For many of these victims, life in the hands of their abductors was the worst nightmare they could ever imagine. They live with the constant reminder of the sordid ordeal they had to undergo long after it happened. Many of the victims after gaining freedom have been known to suffer from post-traumatic stress disorder (PTSD). There are accounts of children getting frightened whenever they hear loud banging. There are even accounts of victims having Stockholm syndrome i.e. identifying and empathizing with their captors especially after spending long spells with them. I just hope the affected children are receiving adequate treatment for these mental health issues and not left alone with their burden.
There is no doubt that the payment of ransom for kidnapped victims is fuelling the kidnap-for-ransom industry in the country. The kidnappers have so far built a grim industry abducting people and largely operating with a guiding ideology of “money”. They have discerned that kidnapping hundreds of students guarantees publicity and government involvement in negotiations which could mean millions of naira in ransom payments. While the government has maintained that it will not pay ransom for kidnapped victims, many parents and family members of the victims have gone ahead to pay. There are several tales of how parents and family members had to sell their properties to raise ransom monies.
As the kidnap-for-ransom “industry” seems to be flourishing, the kidnappers have become much more emboldened, demanding for money, specific items and foodstuffs. For instance, the kidnappers of the Greenfield University students demanded a ransom of 100 million naira along with 10 motorbikes. The abductors of some residents of Kiyi and Anguwar Hausawa community in Kuje and Abaji area councils in Abuja, demanded food items in the ransom payments that includes bags of rice, noodles, spaghetti and seasoning cubes. Late last year, the families of those kidnapped from Ushafa in Abuja were instructed to include loaves of bread and cigarettes in ransom payments.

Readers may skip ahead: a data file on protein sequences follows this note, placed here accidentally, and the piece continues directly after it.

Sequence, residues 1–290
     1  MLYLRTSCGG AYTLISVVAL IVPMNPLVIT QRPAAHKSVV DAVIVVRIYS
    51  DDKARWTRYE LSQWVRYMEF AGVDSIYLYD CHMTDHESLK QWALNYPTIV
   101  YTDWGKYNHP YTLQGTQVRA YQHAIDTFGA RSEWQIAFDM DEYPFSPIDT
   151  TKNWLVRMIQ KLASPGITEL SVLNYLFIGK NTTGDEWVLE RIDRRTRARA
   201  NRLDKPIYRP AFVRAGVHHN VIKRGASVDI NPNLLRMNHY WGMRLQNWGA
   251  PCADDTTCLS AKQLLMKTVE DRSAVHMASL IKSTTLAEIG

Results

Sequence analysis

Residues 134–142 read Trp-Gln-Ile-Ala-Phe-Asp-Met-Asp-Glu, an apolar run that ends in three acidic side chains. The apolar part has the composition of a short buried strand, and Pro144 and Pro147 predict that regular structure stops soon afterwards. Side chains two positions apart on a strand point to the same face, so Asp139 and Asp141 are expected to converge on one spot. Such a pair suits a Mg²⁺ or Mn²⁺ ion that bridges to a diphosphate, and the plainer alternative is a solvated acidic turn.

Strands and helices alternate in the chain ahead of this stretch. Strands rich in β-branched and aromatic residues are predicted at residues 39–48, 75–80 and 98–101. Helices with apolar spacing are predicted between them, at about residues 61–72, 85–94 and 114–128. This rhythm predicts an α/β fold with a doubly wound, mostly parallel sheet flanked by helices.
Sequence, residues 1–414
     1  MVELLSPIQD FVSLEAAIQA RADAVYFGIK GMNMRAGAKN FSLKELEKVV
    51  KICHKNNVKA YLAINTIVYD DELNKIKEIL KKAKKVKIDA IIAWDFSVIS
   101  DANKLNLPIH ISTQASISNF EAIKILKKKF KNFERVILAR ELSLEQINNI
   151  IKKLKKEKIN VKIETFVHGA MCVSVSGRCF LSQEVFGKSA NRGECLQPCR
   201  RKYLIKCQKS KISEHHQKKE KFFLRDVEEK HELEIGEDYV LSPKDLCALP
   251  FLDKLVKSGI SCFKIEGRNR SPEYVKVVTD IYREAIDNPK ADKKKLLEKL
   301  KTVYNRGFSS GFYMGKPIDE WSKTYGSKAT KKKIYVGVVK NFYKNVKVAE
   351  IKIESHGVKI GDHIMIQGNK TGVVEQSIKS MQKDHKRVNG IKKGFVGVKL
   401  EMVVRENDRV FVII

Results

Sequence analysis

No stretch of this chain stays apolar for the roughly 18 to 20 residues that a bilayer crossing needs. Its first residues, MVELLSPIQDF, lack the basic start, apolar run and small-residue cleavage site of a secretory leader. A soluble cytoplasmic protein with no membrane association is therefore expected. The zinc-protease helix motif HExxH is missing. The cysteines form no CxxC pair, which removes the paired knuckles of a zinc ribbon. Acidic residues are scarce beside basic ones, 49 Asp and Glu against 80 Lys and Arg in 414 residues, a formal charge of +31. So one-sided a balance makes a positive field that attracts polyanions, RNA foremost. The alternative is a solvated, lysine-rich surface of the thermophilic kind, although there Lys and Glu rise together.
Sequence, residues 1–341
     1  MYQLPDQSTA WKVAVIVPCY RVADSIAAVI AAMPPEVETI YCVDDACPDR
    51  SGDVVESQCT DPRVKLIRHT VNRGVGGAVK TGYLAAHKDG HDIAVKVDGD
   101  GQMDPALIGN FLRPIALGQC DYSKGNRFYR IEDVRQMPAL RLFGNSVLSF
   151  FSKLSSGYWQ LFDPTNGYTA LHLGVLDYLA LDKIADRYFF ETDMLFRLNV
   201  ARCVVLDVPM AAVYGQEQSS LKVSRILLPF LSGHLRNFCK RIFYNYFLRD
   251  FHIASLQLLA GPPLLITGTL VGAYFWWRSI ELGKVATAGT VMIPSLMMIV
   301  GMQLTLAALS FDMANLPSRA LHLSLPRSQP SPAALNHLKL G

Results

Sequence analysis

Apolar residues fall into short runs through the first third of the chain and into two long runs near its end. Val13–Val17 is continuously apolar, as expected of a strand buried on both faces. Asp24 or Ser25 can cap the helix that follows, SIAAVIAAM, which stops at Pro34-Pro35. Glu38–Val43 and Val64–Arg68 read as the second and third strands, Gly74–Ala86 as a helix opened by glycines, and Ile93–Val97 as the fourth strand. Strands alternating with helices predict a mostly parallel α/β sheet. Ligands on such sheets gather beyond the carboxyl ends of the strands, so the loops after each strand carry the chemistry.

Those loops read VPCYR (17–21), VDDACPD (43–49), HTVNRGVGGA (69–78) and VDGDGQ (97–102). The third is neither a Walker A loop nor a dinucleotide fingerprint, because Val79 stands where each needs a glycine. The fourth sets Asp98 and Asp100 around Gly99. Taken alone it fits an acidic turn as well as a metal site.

There is no doubt that the spate of Kidnappings has led to the loss of lives and many victims have been killed in the course of their abduction, custody or release. Many more have been injured. This is in addition to huge amounts of money lost to ransom takers. A major reason why kidnappings persist is because the benefits of the crime exceed the costs. Thus an obvious solution is to raise the costs by imposing harsher and surer penalties. Stricter measures, such as life imprisonment or the death penalty, may not be completely out of place in dealing with the kidnapping menace.
While we go about our daily activities, let us remember that there are several Umar’s and Aisha’s who are still under captivity. While we take our children to school and pick them up during closing hours, we should remember that there are several innocent children that have been left to the mercies of their abductors.
As a parent, a sibling, a daughter, as a Nigerian, my heart goes out to the parents and families of abducted children still in captivity. I cannot begin to imagine what they are going through not being able to see their kids, hold their kids or wrap them up in loving embrace. For the government whether Federal or State, the onus of responsibility is on them to ensure the safe return of these children and bring to an end once and for all, the kidnap-for-ransom plague.